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Keloid Diagnosis

Information to Help Diagnose Keloids

Keloids have many unique clinical, cellular, and molecular features that make them a distinct type of abnormal scar process. Unlike hypertrophic scars, keloids undergo a process of transformation that allows them to grow beyond the normal limits of the initiating skin injury. The clinical features of a keloid often do not resemble the original scar. Over time, keloids can go through a process of growth, maturation, plateau, and degeneration. The exact timing of these processes is arbitrary and unpredictable, making keloids very difficult to prevent and treat. 

One of the most pressing issues regarding scar treatment is the initial diagnosis. A correct diagnosis can help you identify the problem and source out treatments that can modulate your scar.  The keloidexpert.com website facilitates both physician and patient understanding of the disease process inherent in keloid formation. As you read through the material in this section, you may find that your keloid scar meets more than one criteria for categorization.  This is commonplace with keloids, as they may manifest many different types of morphologies and clinical behaviors. Take the time to read and understand keloid morphology and then schedule an appointment in our Santa Monica office to help diagnose your keloid-type, the degree of inflammation, and the treatment options that would help regress your keloid. 

Keloid Morphology: Understanding the different subtypes of keloids

Morphology is a means by which the internal and external structure and shape is categorized. Keloids are progressive, and may go through various morphologic changes that can alter the clinical appearance of a keloid over time. 

Butterfly Keloids: Keloid scars that occur on the central chest or breast can often take the shape of a butterfly with two lateral wings that expand and a central area connecting the two lateral portions. If the concavity of the chest wall is moderate to severe, or if the butterfly keloid is located within the cleavage of the breast, the central area of the keloid may form a scar contracture and band. The central band of scar tissue may actually grow above the plane of the skin in response to tissue dynamics and tension. The challenge with butterfly keloids is often the degree of inflammation. Butterfly keloids are often not responsive to surgery as they tend to grow back over time. Options include injection therapy, lasers, topical treatment with Plato's Scar Serum, and scar modulation protocols developed by Dr. Karamanoukian. The amount of scar inflammation can make butterfly keloids very difficult to treat.  Patients often complain of itching, burning, and pain with these central chest keloids. Butterfly keloids are often a morphism of flat keloids, superficial spreading keloids, and kissing keloids. 

Dumbbell Keloids: Earlobe and Ear helix keloids can take on a very interesting shape in which they resemble a workout dumbbell. We usually see dumbell keloids that begin with an inflamed or infected ear piercing. The keloid usually begins on the anterior or posterior surface of the ear, follows the tract of the ear piercing,  and then begins to grow on the opposite side of the ear. These dumbbell keloids are usually composed of three parts, with growth within the ear and on the front and back of the ear. They are called dumbbell keloids because they resemble a dumbell that is used in weightlifting. The most common locations for these types of keloids are on the helix of the ear and the earlobe. If the dumbbell ear keloid occurs on the helix of the ear, there is usually cartilage involvement, whereas if it occurs on the earlobe, there is only soft-tissue involvement. The goal of ear dumbbell keloids is the complete removal of the keloid and the tract that connects the two sides of the keloid together. If the inner tract is not removed, there will likely be some form of recurrence. Most dumbbell keloids are responsive to surgery with postoperative injections and lasers.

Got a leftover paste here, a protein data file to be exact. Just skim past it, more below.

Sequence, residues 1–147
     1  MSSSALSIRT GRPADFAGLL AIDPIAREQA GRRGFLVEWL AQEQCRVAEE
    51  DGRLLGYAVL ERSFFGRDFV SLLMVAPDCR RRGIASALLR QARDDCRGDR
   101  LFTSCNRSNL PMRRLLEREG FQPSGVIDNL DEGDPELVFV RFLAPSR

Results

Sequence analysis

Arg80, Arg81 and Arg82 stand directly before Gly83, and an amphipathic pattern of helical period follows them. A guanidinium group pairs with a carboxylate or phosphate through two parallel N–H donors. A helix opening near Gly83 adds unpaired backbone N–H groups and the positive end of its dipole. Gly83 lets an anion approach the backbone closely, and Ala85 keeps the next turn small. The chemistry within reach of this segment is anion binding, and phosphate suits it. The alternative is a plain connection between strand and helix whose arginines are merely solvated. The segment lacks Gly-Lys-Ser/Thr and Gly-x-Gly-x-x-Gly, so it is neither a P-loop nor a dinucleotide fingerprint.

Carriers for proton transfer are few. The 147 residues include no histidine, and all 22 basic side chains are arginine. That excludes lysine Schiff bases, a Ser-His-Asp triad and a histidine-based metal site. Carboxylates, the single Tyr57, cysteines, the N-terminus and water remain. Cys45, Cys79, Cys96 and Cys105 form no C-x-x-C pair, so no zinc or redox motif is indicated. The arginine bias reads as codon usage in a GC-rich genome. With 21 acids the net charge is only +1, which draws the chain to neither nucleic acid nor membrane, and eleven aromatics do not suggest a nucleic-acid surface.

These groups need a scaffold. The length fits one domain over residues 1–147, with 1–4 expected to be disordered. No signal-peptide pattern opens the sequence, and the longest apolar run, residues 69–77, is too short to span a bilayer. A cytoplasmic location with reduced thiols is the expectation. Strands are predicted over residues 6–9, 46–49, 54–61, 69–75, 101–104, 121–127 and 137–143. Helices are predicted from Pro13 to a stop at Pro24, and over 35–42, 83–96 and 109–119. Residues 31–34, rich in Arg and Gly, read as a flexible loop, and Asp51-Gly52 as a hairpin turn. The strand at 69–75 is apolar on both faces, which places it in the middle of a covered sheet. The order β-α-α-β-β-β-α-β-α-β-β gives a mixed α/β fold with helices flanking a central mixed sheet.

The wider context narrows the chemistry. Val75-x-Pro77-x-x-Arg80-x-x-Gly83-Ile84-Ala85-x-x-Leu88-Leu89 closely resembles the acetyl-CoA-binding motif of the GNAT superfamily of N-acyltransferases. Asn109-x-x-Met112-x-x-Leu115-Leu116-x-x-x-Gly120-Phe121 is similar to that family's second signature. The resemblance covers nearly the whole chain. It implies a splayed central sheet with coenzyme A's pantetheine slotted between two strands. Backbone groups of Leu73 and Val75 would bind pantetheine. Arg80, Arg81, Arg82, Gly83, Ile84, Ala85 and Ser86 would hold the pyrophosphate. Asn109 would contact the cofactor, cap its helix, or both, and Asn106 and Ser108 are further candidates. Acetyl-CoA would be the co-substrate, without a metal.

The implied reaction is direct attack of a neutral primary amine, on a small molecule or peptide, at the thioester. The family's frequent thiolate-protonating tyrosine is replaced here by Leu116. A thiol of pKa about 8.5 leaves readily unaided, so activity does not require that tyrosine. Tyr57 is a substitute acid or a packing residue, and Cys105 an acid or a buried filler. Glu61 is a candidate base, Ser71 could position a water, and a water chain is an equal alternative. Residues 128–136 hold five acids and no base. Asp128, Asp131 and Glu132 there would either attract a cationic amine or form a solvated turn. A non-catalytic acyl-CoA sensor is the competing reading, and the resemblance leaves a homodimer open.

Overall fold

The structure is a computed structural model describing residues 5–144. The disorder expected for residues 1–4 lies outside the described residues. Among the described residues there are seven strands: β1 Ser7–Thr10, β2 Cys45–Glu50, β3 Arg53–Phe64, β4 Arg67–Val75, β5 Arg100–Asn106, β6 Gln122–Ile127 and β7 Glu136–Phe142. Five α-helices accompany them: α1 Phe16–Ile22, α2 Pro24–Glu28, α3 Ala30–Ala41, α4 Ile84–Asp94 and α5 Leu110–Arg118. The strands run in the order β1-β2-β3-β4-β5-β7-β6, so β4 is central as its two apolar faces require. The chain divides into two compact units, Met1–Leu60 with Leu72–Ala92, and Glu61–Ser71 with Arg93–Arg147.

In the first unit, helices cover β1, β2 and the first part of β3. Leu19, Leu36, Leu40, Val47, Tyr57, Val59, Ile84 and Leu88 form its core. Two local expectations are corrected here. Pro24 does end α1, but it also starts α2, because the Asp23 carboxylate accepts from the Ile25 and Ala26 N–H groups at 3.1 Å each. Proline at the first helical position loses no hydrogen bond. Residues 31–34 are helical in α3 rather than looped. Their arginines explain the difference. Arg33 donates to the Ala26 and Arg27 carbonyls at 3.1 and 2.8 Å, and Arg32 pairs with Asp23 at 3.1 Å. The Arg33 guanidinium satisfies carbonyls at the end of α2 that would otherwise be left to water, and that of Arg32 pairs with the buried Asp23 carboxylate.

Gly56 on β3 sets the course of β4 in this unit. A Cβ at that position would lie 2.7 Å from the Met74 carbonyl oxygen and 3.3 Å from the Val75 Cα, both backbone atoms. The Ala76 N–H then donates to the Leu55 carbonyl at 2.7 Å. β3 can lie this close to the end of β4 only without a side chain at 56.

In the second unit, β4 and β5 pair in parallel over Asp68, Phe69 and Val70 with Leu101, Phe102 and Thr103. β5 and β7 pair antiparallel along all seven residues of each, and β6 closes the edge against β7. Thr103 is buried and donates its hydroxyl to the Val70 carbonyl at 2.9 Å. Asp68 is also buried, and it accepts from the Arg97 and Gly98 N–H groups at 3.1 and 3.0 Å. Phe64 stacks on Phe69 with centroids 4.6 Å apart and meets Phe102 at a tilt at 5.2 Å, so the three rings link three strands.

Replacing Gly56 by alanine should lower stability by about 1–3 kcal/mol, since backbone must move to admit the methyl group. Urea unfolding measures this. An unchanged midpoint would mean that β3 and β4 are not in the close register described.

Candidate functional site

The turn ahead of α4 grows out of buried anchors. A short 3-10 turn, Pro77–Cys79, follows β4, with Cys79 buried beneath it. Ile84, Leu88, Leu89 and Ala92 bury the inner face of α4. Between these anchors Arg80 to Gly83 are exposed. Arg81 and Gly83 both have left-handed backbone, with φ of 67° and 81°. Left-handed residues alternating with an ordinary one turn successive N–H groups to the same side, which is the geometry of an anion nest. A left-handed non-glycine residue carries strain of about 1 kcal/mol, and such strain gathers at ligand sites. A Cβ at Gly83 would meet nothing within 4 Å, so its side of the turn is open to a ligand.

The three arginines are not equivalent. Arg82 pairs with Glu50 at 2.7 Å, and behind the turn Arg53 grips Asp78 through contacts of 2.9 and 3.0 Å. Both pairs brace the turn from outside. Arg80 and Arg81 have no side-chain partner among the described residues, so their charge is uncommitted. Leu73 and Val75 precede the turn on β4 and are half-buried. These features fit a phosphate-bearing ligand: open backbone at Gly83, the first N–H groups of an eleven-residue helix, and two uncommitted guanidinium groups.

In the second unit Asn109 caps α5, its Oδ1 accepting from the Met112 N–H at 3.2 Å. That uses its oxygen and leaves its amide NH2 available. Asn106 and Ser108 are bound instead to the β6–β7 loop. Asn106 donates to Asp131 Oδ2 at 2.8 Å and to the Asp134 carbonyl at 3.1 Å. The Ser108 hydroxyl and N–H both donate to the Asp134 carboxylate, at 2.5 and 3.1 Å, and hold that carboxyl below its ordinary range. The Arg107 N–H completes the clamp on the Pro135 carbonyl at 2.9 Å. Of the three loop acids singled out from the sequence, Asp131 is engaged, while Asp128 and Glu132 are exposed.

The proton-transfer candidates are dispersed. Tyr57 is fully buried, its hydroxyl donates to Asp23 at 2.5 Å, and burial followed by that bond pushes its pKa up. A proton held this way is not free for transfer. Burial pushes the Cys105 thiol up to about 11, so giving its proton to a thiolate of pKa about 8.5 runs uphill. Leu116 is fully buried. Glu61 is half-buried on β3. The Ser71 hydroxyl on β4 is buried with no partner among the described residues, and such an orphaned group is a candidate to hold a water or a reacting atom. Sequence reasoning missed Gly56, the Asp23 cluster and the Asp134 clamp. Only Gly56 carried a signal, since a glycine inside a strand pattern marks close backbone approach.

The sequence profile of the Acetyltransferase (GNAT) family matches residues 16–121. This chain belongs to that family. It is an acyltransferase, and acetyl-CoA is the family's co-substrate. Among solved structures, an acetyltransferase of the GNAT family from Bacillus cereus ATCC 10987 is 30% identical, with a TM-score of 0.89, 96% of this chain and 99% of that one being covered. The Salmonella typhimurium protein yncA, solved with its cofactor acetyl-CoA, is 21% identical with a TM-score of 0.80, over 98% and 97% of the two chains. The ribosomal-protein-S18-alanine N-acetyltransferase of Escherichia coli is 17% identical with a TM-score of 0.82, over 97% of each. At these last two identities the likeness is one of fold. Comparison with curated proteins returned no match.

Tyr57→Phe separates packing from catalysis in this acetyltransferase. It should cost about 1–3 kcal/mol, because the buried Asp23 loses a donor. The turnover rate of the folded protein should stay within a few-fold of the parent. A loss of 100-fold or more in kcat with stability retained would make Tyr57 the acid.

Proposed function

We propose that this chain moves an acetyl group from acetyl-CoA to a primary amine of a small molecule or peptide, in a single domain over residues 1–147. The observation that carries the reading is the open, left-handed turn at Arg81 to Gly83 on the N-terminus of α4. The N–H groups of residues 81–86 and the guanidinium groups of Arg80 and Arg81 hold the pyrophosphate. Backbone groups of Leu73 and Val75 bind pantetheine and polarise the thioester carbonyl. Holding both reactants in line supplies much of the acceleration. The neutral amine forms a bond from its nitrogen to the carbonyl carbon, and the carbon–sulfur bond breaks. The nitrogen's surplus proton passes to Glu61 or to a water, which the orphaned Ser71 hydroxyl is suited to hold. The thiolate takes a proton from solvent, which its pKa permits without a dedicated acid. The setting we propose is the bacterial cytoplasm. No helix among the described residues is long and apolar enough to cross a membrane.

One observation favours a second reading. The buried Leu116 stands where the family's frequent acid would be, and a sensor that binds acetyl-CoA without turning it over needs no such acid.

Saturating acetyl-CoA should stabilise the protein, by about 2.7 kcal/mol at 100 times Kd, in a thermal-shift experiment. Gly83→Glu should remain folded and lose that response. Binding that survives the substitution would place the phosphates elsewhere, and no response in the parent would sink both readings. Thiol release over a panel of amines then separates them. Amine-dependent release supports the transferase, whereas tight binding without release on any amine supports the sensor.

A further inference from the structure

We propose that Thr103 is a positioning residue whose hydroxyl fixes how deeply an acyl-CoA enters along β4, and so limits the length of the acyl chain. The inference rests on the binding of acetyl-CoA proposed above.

Flat Keloids: Flat keloids are often seen along the extremities (arms, elbows, knees, and legs) or along the chest, shoulders, or back. Little is known about the mechanisms of keloid growth, but it is though that tissue dynamics, wound healing mechanics, and tension lines help determine whether a keloid will grow in a flat pattern or whether they will form nodules above the plane of the skin. Many times, external pressure, as seen with keloids on the back, will tend to flatten and resurface keloids so as to stunt the vertical growth phase of scar formation. Flat keloids are generally invasive in that they tend to 'invade' adjacent areas of skin and soft tissue. Clinical reports have demonstrated keloid growth patterns of flat keloids in which the keloid can either grow on the surface of the skin or surreptitiously grow underneath the skin in the soft tissue. If the latter occurs, the flat keloids can spread to encompass a wider area without any external signs on the skin. 

Another clinical feature of flat keloids is the presence of inflammation and redness. Many flat keloids tend to grow with erratic patterns of growth and resorption. Flat keloids are often red and inflamed, with patients experiencing severe symptoms including pain, itching, burning, and continuous discomfort. We have seen many patients who have unremitting itching and burning that may contribute to insomnia and a lack of sleep. If your flat keloid is causing you to lose sleep because of itching and pain, your keloid may be responsive to non-surgical treatments to modulate the symptoms.

Giant Keloids: Clinicians have categorized some keloids as 'giant keloids' based on size criteria. There is no minimal size or dimension that would delineate a giant keloid, making this a questionable keloid-subtype. Giant keloids can be found on any part of the body, but are most prominent and problematic when they occur on the head and neck. Large keloids can present functional, cosmetic, and medical problems to a patient with this condition. Of particular importance to clinicians is the remarkable ability of giant keloids to recruit blood vessels and vasculature to support growth of the tumor. This ability of angiogenesis allows a keloid to grow even though it has theoretically outgrown its native blood supply. Treatment of giant keloids is usually surgical and places importance on preserving function and form in the surrounding normal tissue.